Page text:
Overall Score: 8/10 Riffs: 10/10 Melody: 9/10 Evolution: 8/10 Pros: Mixes up the Miss May I formula | Constantly catchy riffs or vocal hooks Cons: Can feel constrained by a sense of formula on select tracks
It has always felt as if Miss May I have stuck tirelessly to the same template for each of their albums meaning there really isn’t that much diversity in their back catalogue. Latest release ‘Rise of the Lion’ changes that. Breaking from the metalcore formula much more than on previous records serves ‘Miss May I’ well, creating a more than competent modern metal album.
Whereas before Miss May I kept strictly to a formula consisting of clean guitar-shouty bit-clean chorus-shouty bit-yougetthepicture ‘ Rise of the Lion’ changes this up on several occasions. There is a much bigger focus on delivering massive hooks in both the music and vocals with clean vocalist Ryan Neff often producing memorable choruses on lead single ‘Gone’ and ‘Lunatik.’ In the past there seemed a certain tendency for Miss May I to rely too heavily on these choruses however tracks such as ‘Hero with no Name’ prove they can do just fine without. In fact, it’s the latter tracks that showcase some of Miss May I’s new influences that work themselves into this album; they might still have a very heavy Killswitch Engage influence to the point that the main riff on opening track ‘Refuse to Believe’ sounds suspiciously like ‘In Due Time’ but, there’s a much broader modern metal palette applied on ‘Rise of the Lion.’ Aforementioned rager ‘Hero with no Name’ picks up some heavy Lamb of God influences while some of the more melodic guitar work sounds like Ascendancy era Trivium.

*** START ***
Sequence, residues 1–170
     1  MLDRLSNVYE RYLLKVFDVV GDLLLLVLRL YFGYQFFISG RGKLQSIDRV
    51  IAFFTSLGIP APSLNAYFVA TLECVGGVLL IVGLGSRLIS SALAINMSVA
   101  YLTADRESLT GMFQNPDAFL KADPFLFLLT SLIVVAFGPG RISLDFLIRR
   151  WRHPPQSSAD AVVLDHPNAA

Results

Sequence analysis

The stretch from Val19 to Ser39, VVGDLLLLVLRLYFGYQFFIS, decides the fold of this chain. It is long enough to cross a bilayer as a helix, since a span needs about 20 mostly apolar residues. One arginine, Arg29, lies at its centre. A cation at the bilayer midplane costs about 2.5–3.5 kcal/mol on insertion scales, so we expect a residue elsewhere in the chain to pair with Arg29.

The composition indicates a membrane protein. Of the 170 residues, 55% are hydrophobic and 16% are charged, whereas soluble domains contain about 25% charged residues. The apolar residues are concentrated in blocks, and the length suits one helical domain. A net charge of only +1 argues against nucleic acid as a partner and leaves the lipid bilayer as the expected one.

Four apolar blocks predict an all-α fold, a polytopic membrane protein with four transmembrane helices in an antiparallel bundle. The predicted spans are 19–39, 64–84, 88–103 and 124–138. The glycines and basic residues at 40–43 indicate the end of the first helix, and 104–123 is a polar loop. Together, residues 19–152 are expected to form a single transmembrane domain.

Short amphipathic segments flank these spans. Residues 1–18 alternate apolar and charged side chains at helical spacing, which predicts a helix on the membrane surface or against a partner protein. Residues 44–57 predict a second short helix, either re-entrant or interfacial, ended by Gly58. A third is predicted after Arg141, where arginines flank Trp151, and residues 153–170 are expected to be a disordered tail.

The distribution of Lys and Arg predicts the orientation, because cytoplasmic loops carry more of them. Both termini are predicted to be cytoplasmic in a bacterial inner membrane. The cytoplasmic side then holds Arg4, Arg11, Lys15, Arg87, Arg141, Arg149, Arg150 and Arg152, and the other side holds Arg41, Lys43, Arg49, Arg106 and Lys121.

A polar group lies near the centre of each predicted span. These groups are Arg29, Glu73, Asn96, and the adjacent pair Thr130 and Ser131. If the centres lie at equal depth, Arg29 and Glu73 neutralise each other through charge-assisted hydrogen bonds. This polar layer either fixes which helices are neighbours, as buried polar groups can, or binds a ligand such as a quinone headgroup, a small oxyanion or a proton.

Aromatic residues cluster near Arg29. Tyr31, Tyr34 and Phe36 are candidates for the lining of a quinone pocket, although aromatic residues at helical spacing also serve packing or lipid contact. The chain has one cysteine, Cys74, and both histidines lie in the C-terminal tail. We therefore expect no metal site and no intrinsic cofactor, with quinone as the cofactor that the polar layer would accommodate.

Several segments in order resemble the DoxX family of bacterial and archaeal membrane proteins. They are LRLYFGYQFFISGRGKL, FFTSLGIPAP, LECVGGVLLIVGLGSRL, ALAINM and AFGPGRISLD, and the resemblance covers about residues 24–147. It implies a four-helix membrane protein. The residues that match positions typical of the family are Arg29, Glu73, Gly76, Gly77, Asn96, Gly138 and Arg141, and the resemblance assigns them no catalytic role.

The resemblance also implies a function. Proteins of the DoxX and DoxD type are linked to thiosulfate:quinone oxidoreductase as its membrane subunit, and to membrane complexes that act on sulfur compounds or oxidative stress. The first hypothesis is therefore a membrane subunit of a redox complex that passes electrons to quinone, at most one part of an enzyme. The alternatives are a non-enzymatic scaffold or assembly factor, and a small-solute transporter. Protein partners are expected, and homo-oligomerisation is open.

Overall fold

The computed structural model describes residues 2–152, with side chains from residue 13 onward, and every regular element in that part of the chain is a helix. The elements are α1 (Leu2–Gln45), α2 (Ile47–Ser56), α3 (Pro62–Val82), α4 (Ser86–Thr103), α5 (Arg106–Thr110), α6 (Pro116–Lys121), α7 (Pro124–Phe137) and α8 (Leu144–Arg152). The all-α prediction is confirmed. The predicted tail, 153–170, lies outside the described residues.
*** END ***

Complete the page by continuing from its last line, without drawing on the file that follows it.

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Additionally the production job by super-producer Terry Date is fantastic. Having worked with bands like Pantera, Deftones and Bring Me the Horizon over the years he obviously knows how to record huge grooves and ‘Rise of the Lion’ again proves this. Both his name and excellent as ever production job have lent Miss May I serious credibility beyond the scope of the upstart metalcore-soundalikes they often seemed to be.
The negatives? Well, Miss May I clearly have a lot of talent and they’ve obviously made an effort to break away from their traditional formula but it still feels like there’s a definite “recipe” to the construction of several of the songs. Rise of the Lions best moments are where Miss May I’s ideas are not forced into a restrictive formula such as the subtle interweaving of harsh and clean vocals on ‘Echoes’ or the full-blooded metalcore assault of ‘Hero with no Name.’
Regardless, on ‘Rise of the Lion’ Miss May I have crafted a slick, powerful and catchy modern metal album very much in the realm of early Bullet for my Valentine. For those who thought last years ‘Temper Temper’ was a bit of a disappointment ‘Rise of the Lion’ is sure to be a worthwhile purchase. Sure, this record isn’t going to convince everyone and I can hardly see Immortal or Behemoth fans flocking to it but it has certainly put Miss May I one step closer to becoming the excellent modern metal band they’ve always shown the potential to become. It will be interesting to chart this bands progress over the next few years.
Rise Of The Lion is out now on Rise Records.